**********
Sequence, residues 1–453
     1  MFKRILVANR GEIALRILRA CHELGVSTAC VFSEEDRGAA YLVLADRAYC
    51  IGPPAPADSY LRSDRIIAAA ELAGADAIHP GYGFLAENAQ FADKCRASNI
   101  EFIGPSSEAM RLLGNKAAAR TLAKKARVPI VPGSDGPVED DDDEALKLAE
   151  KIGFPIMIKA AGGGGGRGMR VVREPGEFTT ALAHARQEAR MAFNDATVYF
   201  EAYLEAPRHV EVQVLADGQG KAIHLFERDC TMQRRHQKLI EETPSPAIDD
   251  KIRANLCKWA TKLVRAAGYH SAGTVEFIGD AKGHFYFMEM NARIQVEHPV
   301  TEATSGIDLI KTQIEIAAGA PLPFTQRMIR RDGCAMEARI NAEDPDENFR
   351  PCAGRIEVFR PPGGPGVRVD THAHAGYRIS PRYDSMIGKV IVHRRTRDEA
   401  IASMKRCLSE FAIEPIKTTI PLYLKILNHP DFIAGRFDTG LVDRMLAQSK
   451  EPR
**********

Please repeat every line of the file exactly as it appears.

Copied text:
Sequence, residues 1–453
     1  MFKRILVANR GEIALRILRA CHELGVSTAC VFSEEDRGAA YLVLADRAYC
    51  IGPPAPADSY LRSDRIIAAA ELAGADAIHP GYGFLAENAQ FADKCRASNI
   101  EFIGPSSEAM RLLGNKAAAR TLAKKARVPI VPGSDGPVED DDDEALKLAE
   151  KIGFPIMIKA AGGGGGRGMR VVREPGEFTT ALAHARQEAR MAFNDATVYF
   201  EAYLEAPRHV EVQVLADGQG KAIHLFERDC TMQRRHQKLI EETPSPAIDD
   251  KIRANLCKWA TKLVRAAGYH SAGTVEFIGD AKGHFYFMEM NARIQVEHPV
   301  TEATSGIDLI KTQIEIAAGA PLPFTQRMIR RDGCAMEARI NAEDPDENFR
   351  PCAGRIEVFR PPGGPGVRVD THAHAGYRIS PRYDSMIGKV IVHRRTRDEA
   401  IASMKRCLSE FAIEPIKTTI PLYLKILNHP DFIAGRFDTG LVDRMLAQSK
   451  EPR